Thoughts of a Living Christian

Musings of an amateur theologian and hopeful writer

Archive for the month “November, 2012”

Deuteronomy 7


Deuteronomy 7 is a difficult passage to understand. Its themes and exhortations seem initially shocking. The command to destroy the Canaanites totally, and the labels ‘detestable,’ and ‘abhorrent’ imply a terrible genocide. Contemporary readers would find difficulty in seeing God as a God of love in this passage. However, this essay seeks to argue for this very understanding. The essay argues that this passage does, in fact, teach God’s love. The allusions to war and genocide do not contradict this core message. The essay shall initially exegete the passage, dividing the passage into three sections: vv.1-5, 6-15, 16-26. The focus of these sections will be analysing such things as the understanding of the seven nations and their destruction, the removal of idols and religious paraphernalia and treaties. Following this exegesis will be a theological reflection, wherein the essay shall probe the difficult question pertaining the purported justification of a ‘holy war.’ The essay shall conclude with a discussion on how this passage should be discussed within a contemporary, post-modern culture.


On a brief reading of this chapter, it is easy to come to the conclusion that it is callous. However, with the surrounding chapters is an admonition to remember God’s love and to cherish his gracious election. Furthermore, as Brueggemann asserts, “The intention of the chapter is to take deliberate steps so that the coming generation will choose covenant with YHWH.”[1] God has chosen his people, who must give themselves totally to him. Thus, idolatry is prohibited.[2] The chapter must be read as one unit, due to literary and conceptual themes and is carefully structured, centred on vv. 11-12, reference to the commandments, and is bordered by reference to Israel’s distinctive nature.[3] The emphasis of this passage lies in relationship; YHWH’s love toward Israel, and Israel’s response to YHWH.[4]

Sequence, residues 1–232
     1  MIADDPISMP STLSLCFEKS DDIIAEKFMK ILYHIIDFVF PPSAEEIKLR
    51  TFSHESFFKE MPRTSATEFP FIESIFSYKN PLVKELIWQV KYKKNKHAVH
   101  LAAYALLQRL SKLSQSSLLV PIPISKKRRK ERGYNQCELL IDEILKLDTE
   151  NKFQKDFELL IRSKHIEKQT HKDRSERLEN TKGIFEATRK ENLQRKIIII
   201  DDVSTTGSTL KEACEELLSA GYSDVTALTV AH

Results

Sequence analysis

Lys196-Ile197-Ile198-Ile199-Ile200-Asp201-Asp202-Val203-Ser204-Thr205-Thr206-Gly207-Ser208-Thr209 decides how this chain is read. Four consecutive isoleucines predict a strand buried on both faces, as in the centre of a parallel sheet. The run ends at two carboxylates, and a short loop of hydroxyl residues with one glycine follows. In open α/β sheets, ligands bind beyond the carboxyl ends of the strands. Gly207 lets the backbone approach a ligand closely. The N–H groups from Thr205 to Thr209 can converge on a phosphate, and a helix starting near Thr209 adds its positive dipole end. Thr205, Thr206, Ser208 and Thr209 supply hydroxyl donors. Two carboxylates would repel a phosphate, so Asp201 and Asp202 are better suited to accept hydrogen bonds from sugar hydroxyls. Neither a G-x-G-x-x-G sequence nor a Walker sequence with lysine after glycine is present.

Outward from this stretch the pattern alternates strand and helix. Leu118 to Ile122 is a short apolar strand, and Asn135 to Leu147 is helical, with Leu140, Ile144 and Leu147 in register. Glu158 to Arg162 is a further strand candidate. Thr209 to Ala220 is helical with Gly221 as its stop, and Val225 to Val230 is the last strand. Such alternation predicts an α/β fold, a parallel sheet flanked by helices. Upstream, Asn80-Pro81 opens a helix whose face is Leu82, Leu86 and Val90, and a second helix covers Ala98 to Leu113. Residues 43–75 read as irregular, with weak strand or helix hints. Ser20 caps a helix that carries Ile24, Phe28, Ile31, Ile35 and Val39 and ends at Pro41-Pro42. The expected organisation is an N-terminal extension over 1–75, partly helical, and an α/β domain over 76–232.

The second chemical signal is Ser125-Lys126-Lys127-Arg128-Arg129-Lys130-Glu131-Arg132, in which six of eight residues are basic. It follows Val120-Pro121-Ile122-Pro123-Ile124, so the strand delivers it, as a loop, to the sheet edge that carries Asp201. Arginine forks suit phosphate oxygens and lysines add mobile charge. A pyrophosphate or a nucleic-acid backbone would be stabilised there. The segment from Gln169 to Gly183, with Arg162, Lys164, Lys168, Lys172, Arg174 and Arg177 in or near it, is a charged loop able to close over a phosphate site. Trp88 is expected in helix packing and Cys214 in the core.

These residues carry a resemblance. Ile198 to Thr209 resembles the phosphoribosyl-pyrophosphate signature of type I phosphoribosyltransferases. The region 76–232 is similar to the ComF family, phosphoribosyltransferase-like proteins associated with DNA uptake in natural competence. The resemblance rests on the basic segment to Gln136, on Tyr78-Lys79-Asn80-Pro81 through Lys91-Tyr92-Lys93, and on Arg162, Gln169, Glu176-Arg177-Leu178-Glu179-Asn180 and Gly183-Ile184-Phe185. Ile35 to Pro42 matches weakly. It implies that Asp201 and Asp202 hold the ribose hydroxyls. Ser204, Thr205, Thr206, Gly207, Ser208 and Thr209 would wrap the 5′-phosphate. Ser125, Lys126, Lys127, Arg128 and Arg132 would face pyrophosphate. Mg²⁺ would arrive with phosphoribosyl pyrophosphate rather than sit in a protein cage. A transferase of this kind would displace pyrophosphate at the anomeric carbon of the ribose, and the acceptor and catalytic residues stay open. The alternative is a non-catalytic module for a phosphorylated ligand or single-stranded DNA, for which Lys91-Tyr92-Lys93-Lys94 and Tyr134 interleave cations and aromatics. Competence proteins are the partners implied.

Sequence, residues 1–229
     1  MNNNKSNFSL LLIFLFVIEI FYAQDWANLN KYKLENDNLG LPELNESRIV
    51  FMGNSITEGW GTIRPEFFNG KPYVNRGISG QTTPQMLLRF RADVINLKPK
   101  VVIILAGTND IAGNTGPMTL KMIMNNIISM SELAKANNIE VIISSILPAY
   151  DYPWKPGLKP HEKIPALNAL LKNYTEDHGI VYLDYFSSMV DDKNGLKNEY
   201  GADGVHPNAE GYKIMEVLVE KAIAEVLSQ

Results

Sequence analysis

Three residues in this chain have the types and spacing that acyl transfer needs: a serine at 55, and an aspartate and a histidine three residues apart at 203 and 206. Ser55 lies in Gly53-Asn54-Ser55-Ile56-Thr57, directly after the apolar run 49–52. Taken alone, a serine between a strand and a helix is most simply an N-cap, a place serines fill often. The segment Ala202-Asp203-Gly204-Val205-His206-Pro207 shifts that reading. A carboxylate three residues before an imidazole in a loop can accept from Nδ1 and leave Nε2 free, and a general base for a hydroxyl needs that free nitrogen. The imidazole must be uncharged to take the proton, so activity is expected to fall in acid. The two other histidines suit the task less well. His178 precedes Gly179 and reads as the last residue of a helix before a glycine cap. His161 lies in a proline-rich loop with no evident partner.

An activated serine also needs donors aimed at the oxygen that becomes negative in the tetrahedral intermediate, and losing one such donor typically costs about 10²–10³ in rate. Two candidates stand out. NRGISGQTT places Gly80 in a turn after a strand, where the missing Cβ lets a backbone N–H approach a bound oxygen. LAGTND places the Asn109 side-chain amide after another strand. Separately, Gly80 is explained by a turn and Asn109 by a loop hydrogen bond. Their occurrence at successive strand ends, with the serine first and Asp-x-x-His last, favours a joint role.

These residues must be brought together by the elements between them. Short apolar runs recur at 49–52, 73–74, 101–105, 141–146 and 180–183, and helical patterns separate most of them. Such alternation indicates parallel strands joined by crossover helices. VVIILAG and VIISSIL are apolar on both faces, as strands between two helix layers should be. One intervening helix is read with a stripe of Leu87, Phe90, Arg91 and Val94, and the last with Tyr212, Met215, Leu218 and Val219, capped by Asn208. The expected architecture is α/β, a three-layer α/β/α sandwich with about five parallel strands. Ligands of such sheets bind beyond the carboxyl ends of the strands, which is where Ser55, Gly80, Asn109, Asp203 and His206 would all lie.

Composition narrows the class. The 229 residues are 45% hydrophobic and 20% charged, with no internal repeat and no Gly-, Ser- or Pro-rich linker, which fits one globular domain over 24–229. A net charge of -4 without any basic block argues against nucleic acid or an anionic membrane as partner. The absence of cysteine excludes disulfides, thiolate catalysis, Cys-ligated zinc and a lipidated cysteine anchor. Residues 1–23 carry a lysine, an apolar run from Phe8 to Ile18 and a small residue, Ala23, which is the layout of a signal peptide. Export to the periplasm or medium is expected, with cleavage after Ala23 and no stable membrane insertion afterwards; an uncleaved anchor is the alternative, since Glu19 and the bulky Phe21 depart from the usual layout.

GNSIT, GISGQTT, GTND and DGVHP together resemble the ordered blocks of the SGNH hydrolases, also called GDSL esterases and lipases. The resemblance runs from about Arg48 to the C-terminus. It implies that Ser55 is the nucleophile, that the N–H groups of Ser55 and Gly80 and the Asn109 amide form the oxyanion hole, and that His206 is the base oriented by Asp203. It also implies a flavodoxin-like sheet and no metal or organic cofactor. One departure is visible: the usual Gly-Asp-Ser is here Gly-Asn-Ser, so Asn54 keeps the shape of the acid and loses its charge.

An area of exegetical contention lies in the specifics of the nations. Brueggemann argues this text was written no later than the eighth or seventh century, hence these seven nations are long extinct, “Thus the list of seven nations is an archaic slogan that represents, in context, any alien culture with its religious temptations for Israel.”[5] This seems, in some way, a scapegoat. However, his thesis is supported by Rofé who, after a long analysis of the text, concluded a second stratum of Deuteronomy was added during Josiah’s time, which includes this passage.[6] Furthermore, Kline and Cairns argue for a metaphorical reading; “The seven specified here possibly is a figure for completeness.”[7] Hence, it is likely these were not literal nations, but simply an allusion to God’s requirement of total purging.

This purging, known as the ban, was intended to keep Israel safe from idolatry. However, these nations were not simply ‘cleared away,’ but “stayed and became integrated into Israel…In this theological retrospect, the Deuteronomic writer is tacitly acknowledging that fact and tracing Israel’s apostasy to these indigenous influences.”[8] In other words, this purported later author, perhaps around the Exile, has accredited Israel’s present apostasy with this earlier influence of Pagan nations. Vv. 2-3 include prohibitions of treaties and marriages, which casts doubt on the command to annihilate all the Canaanites. Furthermore, Exodus 23 and Leviticus 18 reveal a different portrait of the entrance into the land; the Canaanites ‘disappearing’ in the former, and being ‘vomited out’ by the land in the latter. Thus, Brueggemann’s argument for an allegorical reading of the nations seems most likely.[9]